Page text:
Election Rigging and the… Ghanaian Elections

The world is still recovering from the American elections. Whatever side of the political fence you find yourself on – and wherever you are in the world; few things have served to divide people to this extent in the past couple of years.

Sure, sure, division happens all the time – and there have been crushing civil wars to prove it. But, the entire world is gripped by the tensions created by American elections.

We can’t expect the Ghanaian elections to have the same impact on the world. They won’t.

But, that doesn’t mean the presidential race in Ghana is less fraught with concerns. Oddly, they almost mirror many of the same issues seen in the United States.

For a start, there’s the email saga. Apparently, some emails were sent from Nana Addo Akufo’s NPP camp discussing moving the capital from Accra to the eastern regions of the country. Of course, the NPP have denied any such a move is on the cards. And, it’s true that an email of this sort doesn’t come close to the level that Clinton’s emails made. But, the parallel is there all the same.

And then there is talk about voting rigging. You’ll get this kind of discussion in any election, especially African ones, but now it seems so very real. How many times did we hear Trump ranting about the possibility of rigged polls? He’s still discussing it; claiming he won the U.S. popular election.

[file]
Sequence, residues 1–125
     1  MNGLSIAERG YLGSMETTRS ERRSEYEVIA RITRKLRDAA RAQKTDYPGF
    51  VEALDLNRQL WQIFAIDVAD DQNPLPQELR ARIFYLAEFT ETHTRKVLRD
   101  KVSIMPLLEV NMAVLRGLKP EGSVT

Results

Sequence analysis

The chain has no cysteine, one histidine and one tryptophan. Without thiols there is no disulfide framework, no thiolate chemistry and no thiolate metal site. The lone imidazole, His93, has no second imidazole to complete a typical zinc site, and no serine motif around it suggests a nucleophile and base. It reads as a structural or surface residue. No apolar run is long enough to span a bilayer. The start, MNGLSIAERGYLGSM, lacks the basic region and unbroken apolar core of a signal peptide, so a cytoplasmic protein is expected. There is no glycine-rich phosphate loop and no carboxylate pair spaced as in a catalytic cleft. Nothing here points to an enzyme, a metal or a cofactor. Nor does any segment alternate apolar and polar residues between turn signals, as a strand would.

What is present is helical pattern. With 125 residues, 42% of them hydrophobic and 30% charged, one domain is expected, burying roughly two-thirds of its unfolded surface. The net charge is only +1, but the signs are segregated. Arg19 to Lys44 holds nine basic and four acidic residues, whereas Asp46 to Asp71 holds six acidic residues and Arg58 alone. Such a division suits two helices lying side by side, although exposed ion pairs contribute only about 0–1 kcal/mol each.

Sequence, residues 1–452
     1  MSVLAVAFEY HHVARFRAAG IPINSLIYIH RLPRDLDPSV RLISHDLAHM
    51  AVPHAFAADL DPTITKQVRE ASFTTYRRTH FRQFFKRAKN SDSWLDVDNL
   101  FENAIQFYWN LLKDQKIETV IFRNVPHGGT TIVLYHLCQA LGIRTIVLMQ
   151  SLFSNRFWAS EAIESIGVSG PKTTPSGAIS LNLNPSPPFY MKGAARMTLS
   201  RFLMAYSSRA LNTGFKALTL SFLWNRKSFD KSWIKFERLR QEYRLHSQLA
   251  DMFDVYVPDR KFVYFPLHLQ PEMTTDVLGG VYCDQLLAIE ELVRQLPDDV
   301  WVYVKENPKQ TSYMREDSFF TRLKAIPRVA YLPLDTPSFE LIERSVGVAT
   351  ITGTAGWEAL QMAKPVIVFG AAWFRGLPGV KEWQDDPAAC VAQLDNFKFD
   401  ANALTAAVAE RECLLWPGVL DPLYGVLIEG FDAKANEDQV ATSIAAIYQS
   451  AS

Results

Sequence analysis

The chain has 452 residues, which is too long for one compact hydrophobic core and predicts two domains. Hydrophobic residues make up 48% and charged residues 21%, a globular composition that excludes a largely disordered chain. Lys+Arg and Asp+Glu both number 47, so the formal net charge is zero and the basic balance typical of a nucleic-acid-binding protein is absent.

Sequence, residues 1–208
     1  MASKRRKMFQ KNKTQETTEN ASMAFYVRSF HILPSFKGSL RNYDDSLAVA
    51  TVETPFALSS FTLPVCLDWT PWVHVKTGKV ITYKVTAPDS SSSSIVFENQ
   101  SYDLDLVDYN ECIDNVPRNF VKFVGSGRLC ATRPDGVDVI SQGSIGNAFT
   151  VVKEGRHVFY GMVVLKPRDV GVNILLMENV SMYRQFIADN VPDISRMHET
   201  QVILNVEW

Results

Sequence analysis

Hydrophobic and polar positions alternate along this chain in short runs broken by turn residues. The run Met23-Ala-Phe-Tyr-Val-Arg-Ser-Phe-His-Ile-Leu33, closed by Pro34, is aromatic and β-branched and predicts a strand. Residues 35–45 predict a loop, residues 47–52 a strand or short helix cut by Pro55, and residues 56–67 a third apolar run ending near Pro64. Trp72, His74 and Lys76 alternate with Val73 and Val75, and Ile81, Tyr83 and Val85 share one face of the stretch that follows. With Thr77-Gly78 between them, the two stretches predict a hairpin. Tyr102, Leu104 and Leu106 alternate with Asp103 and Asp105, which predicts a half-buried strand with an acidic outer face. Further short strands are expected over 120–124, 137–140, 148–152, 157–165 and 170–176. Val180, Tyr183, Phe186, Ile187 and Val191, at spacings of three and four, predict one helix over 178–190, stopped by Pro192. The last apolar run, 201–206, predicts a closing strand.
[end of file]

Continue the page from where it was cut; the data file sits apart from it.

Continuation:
After what happened on that side of the world, it’s little wonder that the Pan-African Parliament is urging Ghanaian rivals to accept the outcome of the election, whatever they may be. That will be tough if the results are as close as people expect them to be.

But, there are a huge number of observers headed to the polls on December 7th – and Ghana is a much smaller country (in size and population) than the United States.  The number of observers is over 10,000 and there are a mere 284 polling stations in the country. Ghana clearly has it covered in a way that Americans probably couldn’t understand.

And, let’s face it, things are nasty in the lead up to Ghana’s presidential election. And, people are noticing. Even the United Nations Secretary-General, Ban Ki-moon, has called Ghana’s President and the opposition leader to ask them to diffuse tensions in the country. As we well know, they can boil over at any point – even after the votes have been counted.

We’ll have to wait and see what happens. That’s really all we can do, besides endlessly discussing the possibility of election rigging.

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